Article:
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Re: Defining atomic "replace"

From: Bill Tutt <bill.tutt_at_gmail.com>
Date: Fri, 14 Aug 2009 14:12:02 -0400

On Thu, Aug 13, 2009 at 7:24 PM, Julian Foad <julianfoad_at_btopenworld.com>wrote:

> On Thu, 2009-08-13, Bill Tutt wrote: > Move, you mentioned move. You're
> giving me a headache flashback.
> Hi Bill. Thanks for the thought input...
> > i.e. The directory heirarchy changing dependant case:
> > A\a.cs A\B\C\c.cs
> >
> > mv A\B B
> > mv A B\A
> >
> > This ends up with B\A\a.cs and B\C\c.cs.
> >
> > Regardless of whether not you can submit such a thing in one
> > changeset, a non-operational merge would need to deal with the
> > problem. (i.e. not allowing it in the general changeset case doesn't
> > prevent it from the non-operational merge case)
> Yes, OK...
> > or the substantially less annoying and fairly simple dependant rename
> > case:
> >
> > mv a.cs temp.cs
> > mv b.cs a.cs
> > mv temp.cs b.cs
> which swaps a.cs with b.cs, and is equivalent to (and let's say the current
> revision is 3)
> del a.cs
> del b.cs
> copy <URL of a.cs>@3 b.cs
> copy <URL of b.cs>@3 a.cs
> > Both of the above cases also suffer from the problem of needing to
> > disallow not including all of the pending moves in a submission.
> <parsing double-negatives>... <done>

To rephrase and clarify:

Dependant rename set: A set of rename operations that require the operations
to execute in a specific order in the WC so that all file contents end up
with the correct path and contents. There are three possible cases here:

File dependant rename example:
mv a.cs -> b.cs
mv b.cs -> a.cs

Directory dependant rename example:
mv A -> B
mv B -> A

Directory hierarchy changing rename example:
A\B\C are directories that contain files:
mv A\B -> B
mv A -> B\A

If Subversion did not allow the replace mechanism with these types of moves:
All of the pending moves in a dependent rename set that was NOT "Directory
hierarchy changing" would need to be submitted at the same time.

"Directory hierarchy changing" renames do not have to be submitted
simultaneously, however allowing them seems like a very bad idea when
balanced with a typical version control end user concept of: A given
changeset should always be buildalbe. You would be submitting a tree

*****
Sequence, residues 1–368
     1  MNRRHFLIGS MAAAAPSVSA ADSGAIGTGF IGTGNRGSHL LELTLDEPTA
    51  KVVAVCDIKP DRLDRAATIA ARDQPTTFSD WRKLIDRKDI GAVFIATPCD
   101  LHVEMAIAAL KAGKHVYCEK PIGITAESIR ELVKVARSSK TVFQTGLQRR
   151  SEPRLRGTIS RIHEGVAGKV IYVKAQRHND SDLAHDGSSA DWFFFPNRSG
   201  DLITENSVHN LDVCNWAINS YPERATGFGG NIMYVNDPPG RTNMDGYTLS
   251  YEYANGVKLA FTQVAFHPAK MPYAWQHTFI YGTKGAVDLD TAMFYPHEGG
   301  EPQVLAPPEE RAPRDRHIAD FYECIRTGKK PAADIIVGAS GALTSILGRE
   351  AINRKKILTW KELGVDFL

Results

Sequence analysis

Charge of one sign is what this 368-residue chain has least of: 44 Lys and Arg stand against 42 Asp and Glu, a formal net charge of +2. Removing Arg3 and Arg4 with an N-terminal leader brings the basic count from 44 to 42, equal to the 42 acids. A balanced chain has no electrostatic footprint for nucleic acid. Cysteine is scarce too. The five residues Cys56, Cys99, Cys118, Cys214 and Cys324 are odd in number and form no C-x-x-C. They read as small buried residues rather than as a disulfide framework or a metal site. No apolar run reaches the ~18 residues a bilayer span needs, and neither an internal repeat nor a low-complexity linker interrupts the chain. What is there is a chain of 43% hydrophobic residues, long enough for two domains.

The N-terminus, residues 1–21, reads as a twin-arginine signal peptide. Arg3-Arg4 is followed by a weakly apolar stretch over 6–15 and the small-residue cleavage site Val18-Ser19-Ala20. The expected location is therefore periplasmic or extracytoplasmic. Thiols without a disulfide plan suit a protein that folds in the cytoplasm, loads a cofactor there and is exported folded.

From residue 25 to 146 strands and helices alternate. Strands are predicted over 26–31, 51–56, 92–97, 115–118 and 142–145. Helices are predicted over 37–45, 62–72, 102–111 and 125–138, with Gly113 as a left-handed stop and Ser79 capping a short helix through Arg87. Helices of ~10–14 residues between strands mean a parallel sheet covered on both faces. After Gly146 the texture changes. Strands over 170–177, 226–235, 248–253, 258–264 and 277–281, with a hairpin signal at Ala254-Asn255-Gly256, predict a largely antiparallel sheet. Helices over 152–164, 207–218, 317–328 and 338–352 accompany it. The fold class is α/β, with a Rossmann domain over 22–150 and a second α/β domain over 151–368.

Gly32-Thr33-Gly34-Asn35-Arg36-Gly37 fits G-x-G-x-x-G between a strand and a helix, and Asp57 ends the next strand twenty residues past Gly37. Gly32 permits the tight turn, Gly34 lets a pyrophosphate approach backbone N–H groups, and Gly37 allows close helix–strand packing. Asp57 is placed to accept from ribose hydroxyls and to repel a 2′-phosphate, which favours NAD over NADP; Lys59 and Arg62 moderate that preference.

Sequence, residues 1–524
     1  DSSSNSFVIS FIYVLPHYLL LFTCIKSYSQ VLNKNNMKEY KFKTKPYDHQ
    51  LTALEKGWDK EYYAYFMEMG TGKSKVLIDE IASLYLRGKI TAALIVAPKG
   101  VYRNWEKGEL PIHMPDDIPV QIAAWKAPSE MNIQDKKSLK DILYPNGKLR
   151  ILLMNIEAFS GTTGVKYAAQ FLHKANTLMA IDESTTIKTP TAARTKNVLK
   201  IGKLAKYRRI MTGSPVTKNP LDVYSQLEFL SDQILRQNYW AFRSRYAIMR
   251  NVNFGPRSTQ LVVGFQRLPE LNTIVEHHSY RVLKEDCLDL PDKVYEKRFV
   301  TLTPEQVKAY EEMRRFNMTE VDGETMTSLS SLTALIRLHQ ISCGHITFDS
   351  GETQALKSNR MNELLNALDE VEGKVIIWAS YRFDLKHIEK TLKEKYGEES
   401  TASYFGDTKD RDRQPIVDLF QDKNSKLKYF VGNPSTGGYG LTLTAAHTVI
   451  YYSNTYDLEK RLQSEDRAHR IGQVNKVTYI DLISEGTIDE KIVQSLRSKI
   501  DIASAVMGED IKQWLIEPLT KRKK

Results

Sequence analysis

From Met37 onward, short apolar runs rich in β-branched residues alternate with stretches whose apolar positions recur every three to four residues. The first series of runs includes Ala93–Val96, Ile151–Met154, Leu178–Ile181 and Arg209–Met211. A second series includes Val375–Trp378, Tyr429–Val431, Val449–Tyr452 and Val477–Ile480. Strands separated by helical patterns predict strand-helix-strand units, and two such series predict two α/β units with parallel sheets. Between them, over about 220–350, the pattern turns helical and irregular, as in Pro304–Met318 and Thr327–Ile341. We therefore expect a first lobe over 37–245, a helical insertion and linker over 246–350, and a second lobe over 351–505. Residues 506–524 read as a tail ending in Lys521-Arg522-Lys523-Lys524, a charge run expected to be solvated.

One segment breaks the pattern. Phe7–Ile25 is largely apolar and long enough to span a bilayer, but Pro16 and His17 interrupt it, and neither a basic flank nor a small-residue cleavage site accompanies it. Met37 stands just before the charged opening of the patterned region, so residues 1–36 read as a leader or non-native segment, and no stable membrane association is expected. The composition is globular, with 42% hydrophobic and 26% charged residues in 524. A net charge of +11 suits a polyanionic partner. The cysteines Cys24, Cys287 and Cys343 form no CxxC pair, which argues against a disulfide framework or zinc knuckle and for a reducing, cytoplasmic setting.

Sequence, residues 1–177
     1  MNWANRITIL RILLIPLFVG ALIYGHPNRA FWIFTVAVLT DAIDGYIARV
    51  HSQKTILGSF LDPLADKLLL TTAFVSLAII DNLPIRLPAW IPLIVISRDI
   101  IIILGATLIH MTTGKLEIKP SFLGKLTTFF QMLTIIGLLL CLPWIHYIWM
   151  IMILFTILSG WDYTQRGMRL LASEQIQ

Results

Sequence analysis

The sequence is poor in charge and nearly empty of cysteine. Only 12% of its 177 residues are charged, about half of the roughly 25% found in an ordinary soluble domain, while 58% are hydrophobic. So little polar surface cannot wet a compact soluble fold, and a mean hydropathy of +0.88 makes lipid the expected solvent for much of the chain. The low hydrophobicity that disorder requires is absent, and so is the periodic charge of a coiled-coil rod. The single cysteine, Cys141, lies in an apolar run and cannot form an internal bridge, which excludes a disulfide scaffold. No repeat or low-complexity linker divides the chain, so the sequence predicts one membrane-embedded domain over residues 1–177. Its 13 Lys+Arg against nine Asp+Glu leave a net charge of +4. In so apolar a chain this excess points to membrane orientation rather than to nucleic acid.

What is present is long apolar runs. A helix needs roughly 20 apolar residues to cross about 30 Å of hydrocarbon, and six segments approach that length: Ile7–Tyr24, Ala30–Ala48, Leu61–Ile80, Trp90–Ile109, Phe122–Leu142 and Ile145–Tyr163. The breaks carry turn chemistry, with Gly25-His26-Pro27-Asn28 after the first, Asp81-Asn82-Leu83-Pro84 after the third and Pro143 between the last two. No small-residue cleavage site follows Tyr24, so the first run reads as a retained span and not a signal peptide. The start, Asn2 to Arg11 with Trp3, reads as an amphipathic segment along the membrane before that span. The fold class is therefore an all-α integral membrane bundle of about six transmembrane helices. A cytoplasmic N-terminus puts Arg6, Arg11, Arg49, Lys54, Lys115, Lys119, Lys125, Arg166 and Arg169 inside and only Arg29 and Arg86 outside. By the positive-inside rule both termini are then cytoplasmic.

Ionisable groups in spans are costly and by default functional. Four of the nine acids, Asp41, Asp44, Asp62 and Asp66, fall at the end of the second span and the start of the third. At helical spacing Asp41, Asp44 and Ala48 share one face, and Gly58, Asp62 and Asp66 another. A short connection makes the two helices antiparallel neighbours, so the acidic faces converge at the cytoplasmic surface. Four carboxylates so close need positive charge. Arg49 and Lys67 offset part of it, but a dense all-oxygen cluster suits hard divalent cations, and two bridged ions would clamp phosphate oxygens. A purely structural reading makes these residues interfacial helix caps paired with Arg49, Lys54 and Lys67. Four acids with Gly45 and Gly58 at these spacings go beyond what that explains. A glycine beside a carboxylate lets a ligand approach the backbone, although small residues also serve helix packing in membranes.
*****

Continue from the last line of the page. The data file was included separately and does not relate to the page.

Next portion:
structure that never actually occurred in the working copy. *shivers*

The code necessary to unwind only part of a "directory hierarchy changing"
rename when you have other pending renames in the same submission that
interact with the "directory hirarchy changing" rename isn't particulary
pretty or cheap. (It's that fun two pass rename algorthim dreamt up by the
author of arch.) I'd recommend only implementing that code for 'svn
revert'/''svn merge' if you ever write that code at all.

> In Subversion, currently, as you know, you are allowed to commit just
> one half of the moves. Let's examine what happens if you do. Note that
> the selection of what to include in the commit is done by path, not by
> "object identity". If in your latter case we choose to commit just
> "a.cs", the result would be:
> r4:
> a.cs is replaced with a copy of b.cs_at_3
> b.cs is unaffected
> I agree that there is a usability benefit in disallowing this partial
> commit, but I don't see that it causes any particularly bad or
> surprising result. You can still commit the other half (b.cs) later and
> get the intended end result:
> a.cs is unaffected
> b.cs is replaced with a copy of a.cs_at_3
> The WC remembered that b.cs should be a copy of a.cs_at_3. If instead it
> had remembered it as "a copy of head revision of a.cs", this second
> commit would be effectively a no-op because a.cs_at_HEAD was at this time
> already the same as b.cs, and that would not be the intended end result.

You're correct with replace only doing a paritial commit of the file
dependant rename set is fairly harmless. Odd and wrong, but fairly harmless.

> As part of "true renames" support, we will probably want to change the
> semantics of moves and copies to say "a copy of head revision of ..."
> rather than a specific revision number. Then we will have to watch out
> for this split commit, and probably disallow it.

Why would you ever want to say "a copy of head revision of ..."? You want to
generate conflicts appropriately when you make your submission. If
the file/directory was renamed behind your back you need to reverify the
user's desire to maintain the same destination path.

> > (Esp. of directories, but disallowing it entirely always seemed like a
> > good idea to me.) If you allow partial pending move submissions then
> > you're submitting a tree state you haven't built yet.
> Yes, but that's true of any kind of partial commit where you make WC modifications
> in one order and then commit the pieces in another order.
> You feel this is particularly bad in the case of splitting a move. I
> think we all agree it's worse and not a good idea, but I don't
> understand whether you have some special viewpoint that makes you feel
> it's so terrible or such a headache.

My big fear is users accidentally submitting a tree structure change that
wasn't the shape of their WC (for each dependant rename set) at time of
submission. That seems like a black hole of badness and its not particulary
hard to check for. i.e. If something is always a bad idea why not prevent
the user from accidently hanging themselves?

Not submitting all renames in a file dependant rename set is certainly odd,
but substantially less scary to me than not submitting all renames in a
directory dependant rename set.


Received on 2009-08-15 02:35:04 CEST

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